In the meeting, the ACO will ask whether you understand why you’ve been invited to the meeting and explain what the problem is.
It is important to understand what your Turnitin score means by reading our guide.
Academic Conduct Viva/ Viva Voce (ACV):
If the University believes that the work is not your own, you may be invited to a Viva Voce with an Academic Conduct Officer. A Viva Voce is a spoken exam. This is sometimes called an ACV (Academic Conduct Viva)
You will be asked questions about how you wrote the work and what it means. Before the meeting prepare any evidence that the work is yours, like drafts or research notes.
Academic Conduct Officer (ACO) Meeting:
If the University believes you have not followed good academic practice, you will be invited for a meeting with an Academic Conduct Officer (ACO). In the meeting, the ACO will ask whether you understand why you’ve been invited to the meeting and explain what the problem is.
There is more information here and in the Academic Integrity Guide.
- If you deny misconduct, explain why you deny it and mention any evidence to support this.
- If you admit misconduct, explain why it happened and any mitigating circumstances such as illness, anxiety, or other personal problems beyond your control.
- Either way, answer the ACO’s questions honestly and ask if you don’t understand anything.
The outcome will depend on the level of the misconduct and whether you did it on purpose for an advantage over other students. Unintentional academic misconduct is still a problem. You can find the potential outcome for you from the university's Scale of Outcomes Table.
Your marks will appear as “AD” on SOLAR until you have had your meeting and received an outcome letter. If your mark appears as AD on SOLAR and you haven't already, it is likely you will receive an invite to a meeting with an ACO. If you have been waiting for this for a significant period of time, please contact your Faculty Registry and if you do not receive a response then contact Your Advice Service.
Academic Conduct Panel (ACP):
If the University believes that the allegation is very serious or complex, or you have more than one previous offence, you may be invited to an Academic Conduct Panel (ACP). If you are invited to an ACP, contact Your Advice Service as soon as possible by completing our enquiry form. Please make sure to attach your meeting invitation letter, a copy of your Turnitin report and any other evidence sent with your invitation. Please also let us know if this is not your first offence.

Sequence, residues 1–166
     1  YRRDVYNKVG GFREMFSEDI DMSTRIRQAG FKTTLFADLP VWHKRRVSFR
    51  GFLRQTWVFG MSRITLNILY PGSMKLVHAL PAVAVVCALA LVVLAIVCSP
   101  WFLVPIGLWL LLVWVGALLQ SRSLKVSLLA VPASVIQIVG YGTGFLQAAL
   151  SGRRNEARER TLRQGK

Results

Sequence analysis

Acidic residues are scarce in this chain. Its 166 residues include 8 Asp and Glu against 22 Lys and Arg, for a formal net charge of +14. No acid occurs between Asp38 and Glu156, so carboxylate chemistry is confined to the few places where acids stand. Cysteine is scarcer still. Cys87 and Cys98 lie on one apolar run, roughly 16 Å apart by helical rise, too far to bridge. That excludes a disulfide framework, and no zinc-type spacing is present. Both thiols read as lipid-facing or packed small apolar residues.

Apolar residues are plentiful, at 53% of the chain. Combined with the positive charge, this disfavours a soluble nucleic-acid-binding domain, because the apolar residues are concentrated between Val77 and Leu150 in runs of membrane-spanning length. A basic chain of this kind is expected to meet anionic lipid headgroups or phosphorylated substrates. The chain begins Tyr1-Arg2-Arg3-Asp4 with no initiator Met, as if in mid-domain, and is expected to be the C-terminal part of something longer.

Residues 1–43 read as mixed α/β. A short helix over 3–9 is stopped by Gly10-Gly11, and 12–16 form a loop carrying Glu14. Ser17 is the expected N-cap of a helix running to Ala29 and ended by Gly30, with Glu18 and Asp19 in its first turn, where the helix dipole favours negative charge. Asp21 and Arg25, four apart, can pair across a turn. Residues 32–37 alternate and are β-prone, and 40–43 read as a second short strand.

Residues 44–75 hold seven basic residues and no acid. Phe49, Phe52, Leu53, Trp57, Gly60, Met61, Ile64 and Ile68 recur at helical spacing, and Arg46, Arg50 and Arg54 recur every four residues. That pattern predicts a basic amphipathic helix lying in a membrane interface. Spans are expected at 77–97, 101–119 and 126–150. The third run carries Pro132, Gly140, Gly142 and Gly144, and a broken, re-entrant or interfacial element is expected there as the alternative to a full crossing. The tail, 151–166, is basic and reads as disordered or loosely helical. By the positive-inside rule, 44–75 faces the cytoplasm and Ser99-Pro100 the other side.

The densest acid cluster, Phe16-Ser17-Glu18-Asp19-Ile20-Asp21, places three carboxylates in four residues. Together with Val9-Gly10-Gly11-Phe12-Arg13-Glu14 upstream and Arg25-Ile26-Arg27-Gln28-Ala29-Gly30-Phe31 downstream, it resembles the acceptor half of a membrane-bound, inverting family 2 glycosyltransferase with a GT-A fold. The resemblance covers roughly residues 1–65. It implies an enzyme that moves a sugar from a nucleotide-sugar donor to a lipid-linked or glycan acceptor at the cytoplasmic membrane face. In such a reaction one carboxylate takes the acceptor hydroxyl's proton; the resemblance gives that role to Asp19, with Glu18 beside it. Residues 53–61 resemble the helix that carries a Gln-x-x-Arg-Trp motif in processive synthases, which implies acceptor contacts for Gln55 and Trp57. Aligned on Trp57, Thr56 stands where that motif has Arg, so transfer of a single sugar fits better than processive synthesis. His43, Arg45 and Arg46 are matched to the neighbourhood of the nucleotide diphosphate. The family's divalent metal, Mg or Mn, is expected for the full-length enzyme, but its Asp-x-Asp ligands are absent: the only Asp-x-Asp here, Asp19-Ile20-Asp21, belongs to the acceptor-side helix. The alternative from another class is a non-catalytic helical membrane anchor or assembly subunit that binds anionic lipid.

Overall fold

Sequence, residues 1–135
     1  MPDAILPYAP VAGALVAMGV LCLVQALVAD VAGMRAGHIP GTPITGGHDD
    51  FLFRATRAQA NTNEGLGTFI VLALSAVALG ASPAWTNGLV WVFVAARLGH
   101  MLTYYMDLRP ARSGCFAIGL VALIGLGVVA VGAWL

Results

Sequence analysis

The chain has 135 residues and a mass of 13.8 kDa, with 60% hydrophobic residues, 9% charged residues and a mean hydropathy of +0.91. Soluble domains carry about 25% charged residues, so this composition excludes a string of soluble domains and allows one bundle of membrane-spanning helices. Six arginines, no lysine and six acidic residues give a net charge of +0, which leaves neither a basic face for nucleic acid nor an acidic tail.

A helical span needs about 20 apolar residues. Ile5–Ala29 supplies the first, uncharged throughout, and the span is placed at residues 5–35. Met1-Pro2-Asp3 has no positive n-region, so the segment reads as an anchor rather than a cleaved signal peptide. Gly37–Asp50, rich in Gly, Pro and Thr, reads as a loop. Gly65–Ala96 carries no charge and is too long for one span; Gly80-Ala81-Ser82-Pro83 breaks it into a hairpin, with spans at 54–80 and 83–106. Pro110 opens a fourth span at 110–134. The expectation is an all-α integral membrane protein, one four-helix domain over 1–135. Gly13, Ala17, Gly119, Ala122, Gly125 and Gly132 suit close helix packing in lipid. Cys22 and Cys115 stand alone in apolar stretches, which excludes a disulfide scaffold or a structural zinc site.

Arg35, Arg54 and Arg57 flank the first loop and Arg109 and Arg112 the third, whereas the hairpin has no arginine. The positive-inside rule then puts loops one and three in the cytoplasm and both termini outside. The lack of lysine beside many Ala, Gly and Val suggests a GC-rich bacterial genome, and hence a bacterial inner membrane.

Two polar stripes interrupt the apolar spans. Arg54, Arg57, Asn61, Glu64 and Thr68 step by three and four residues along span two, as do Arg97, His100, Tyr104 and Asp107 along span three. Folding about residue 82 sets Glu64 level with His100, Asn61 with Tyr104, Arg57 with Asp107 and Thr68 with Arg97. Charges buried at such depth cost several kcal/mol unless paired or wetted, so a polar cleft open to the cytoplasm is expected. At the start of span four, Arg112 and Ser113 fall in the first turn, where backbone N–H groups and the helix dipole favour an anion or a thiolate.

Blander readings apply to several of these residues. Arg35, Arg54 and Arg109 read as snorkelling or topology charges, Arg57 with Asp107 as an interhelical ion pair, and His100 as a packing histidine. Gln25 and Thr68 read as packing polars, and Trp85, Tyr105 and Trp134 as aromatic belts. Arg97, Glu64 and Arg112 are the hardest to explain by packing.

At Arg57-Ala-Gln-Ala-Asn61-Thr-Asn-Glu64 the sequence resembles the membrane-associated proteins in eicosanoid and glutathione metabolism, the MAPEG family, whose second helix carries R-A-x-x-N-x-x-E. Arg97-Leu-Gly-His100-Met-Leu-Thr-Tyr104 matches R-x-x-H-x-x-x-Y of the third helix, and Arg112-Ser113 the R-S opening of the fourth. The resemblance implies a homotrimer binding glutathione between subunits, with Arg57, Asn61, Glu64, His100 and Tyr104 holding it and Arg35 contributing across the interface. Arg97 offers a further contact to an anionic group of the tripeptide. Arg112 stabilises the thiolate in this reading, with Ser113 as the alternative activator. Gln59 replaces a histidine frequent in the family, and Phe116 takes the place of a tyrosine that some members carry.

Types Of Offence:
- Plagiarism - using someone else’s work without reference or citation. This can include buying work from others, which is very serious and is known as contract cheating. Self-plagiarism is re-submitting work from another assessment.
- Collusion - working with another or others on work which should be completed alone.
- Examination Misconduct - cheating during an exam, which can overlap with the above offences, if the exam is online.
- Fabrication - making up, changing or copying experiment results or research.
Turnitin is the University’s text matching software. You can find more about this here.
Turnitin generates a report which shows when matches have been found. It does not identify plagiarism, but can provide information to academic staff about academic misconduct. Because of this there is no safe Turnitin score. If you’re allowed to submit drafts of your work, you can use this to check if you have forgotten to reference properly.
How Can Your Advice Service Help You?
If you are looking for help with an allegation of academic misconduct, please contact Your Advice Service as soon as possible upon receipt of your invitation. Attach your meeting invite letter, a copy of your Turnitin Report and any other evidence sent with your invite. We can help you prepare for the meeting and support you in the meeting, subject to Advisor availability. You must give 24 hours’ notice to the meeting organiser if you are being supported as outlined in your invite email.
If you are unhappy with the outcome, you can appeal within 10 working days of the outcome letter.
You can appeal on the below grounds:
- Procedures were not followed properly.
- The academic misconduct does not justify the severity of the offence.
- You have severe extenuating circumstances which prevented you from making an informed decision on whether to submit the assessment and could not make the ACO aware of these during the meeting.
Contact Your Advice Service as soon as possible for more advice if you would like to appeal. We’ll need the outcome letter, meeting invitation and evidence files attached to the enquiry form; it would also be useful to know the ground(s) on which you intend to appeal.